Freemasonry over the centuries has had plenty of imitators and splinter groups which have established their own self-styled forms of Freemasonry. Some of them allow or even encourage their members to become involved in politics or ethically dubious practices which are unacceptable to the United Grand Lodge of England. 

Some people might argue that there is no real harm in quietly visiting a lodge under an irregular or unrecognised body. But just as in football, where it only takes one player to bring the game into disrepute, so someone visiting an unrecognised body could be misinterpreted as the United Grand Lodge of England tacitly approving the irregular body and, by extension, the rest of its members condoning it too. The United Grand Lodge of England is rightly scrupulous about not allowing this to happen. 
It is with these bodies in mind that recognition becomes particularly important and why we spend a very great deal of time and effort looking into an individual Grand Lodge's wish to be recognised.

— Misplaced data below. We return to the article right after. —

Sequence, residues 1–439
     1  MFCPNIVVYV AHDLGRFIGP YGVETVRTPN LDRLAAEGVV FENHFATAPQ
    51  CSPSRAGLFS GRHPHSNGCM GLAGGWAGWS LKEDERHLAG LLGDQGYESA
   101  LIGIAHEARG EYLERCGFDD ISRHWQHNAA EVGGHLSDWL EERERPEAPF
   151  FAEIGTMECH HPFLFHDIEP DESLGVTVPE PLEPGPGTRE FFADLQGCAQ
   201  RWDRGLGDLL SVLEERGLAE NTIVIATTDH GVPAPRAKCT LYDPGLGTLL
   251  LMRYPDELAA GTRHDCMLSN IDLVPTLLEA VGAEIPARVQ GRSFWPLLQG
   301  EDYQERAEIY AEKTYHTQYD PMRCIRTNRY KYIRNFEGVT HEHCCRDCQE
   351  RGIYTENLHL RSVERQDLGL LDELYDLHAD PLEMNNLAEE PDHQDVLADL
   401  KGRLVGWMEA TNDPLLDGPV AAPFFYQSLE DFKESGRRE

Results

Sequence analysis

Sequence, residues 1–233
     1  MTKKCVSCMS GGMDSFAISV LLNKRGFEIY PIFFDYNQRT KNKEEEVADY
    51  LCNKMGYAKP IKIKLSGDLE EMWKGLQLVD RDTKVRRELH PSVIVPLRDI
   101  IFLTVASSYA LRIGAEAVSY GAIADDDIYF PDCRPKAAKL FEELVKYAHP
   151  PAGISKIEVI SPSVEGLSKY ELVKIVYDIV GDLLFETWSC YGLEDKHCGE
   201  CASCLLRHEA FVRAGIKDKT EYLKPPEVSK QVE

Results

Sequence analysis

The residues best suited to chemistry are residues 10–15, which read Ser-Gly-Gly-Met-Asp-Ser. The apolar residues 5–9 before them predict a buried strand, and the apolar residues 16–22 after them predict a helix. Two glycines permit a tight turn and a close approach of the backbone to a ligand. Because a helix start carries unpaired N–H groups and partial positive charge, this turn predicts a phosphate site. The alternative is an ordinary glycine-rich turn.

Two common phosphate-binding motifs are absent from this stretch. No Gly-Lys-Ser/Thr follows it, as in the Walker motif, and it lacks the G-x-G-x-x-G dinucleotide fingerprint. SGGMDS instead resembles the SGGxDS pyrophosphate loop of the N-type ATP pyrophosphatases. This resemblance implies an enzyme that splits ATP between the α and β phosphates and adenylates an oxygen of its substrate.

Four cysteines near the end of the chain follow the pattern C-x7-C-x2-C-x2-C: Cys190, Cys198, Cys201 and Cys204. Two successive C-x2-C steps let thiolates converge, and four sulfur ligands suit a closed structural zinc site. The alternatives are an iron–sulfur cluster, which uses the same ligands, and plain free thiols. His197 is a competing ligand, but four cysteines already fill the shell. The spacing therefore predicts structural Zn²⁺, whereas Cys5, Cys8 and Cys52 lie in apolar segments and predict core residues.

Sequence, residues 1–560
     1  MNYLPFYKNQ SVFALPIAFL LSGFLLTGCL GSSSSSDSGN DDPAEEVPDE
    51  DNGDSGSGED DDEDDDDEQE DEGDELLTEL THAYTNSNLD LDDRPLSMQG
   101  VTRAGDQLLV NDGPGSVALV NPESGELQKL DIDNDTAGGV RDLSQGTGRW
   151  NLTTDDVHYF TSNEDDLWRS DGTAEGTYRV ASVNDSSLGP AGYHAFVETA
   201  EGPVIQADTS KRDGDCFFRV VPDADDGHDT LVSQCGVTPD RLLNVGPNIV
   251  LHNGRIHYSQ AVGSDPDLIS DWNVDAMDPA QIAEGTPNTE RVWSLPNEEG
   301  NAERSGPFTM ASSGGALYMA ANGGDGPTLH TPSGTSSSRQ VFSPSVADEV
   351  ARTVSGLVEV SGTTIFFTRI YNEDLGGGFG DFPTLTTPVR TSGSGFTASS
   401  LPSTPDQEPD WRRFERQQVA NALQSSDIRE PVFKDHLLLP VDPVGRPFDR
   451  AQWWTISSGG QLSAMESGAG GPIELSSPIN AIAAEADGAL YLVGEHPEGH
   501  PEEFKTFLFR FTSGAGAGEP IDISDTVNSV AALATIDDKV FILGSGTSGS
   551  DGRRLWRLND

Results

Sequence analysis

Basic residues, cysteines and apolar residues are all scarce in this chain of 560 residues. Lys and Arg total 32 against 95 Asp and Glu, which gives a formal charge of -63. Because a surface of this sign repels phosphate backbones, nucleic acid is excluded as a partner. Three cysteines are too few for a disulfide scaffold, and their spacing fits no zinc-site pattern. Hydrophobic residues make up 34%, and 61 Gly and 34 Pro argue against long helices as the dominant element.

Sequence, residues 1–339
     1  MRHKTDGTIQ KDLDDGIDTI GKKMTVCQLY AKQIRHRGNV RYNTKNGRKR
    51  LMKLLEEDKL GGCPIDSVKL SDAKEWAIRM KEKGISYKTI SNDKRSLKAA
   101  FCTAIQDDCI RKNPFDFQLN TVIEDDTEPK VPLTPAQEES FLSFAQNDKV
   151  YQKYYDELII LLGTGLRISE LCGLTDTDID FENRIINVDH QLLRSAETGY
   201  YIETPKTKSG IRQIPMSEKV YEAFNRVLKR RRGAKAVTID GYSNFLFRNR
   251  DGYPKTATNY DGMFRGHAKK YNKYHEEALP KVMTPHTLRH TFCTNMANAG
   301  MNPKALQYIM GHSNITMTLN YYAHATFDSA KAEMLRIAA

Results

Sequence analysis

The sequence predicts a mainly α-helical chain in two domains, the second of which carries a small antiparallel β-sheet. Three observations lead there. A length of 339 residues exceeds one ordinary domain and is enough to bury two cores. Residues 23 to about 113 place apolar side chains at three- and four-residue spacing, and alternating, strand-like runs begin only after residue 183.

To be recognised by the United Grand Lodge of England a Grand Lodge must meet certain standards. These standards - the basic principles of Grand Lodge recognition - are published in the Book of Constitutions, the Masonic Year Book, in the booklet Information for the Guidance of Members of the Craft and Grand Lodge’s leaflet Freemasonry’s External Relations. 

The most important standards are that the petitioning Grand Lodge must have undisputed authority over Craft masonry in its jurisdiction. Furthermore, its members should not be racists or atheists, nor should they practice religious intolerance. Its members must also only be men who take their obligations on a book held sacred to them. They must also not discuss religion or politics in lodge. 
Important too is regularity of origin - in other words a Grand Lodge must have been formed either by a recognised Grand Lodge or by at least three regularly constituted lodges established by an already recognised Grand Lodge or Grand Lodges.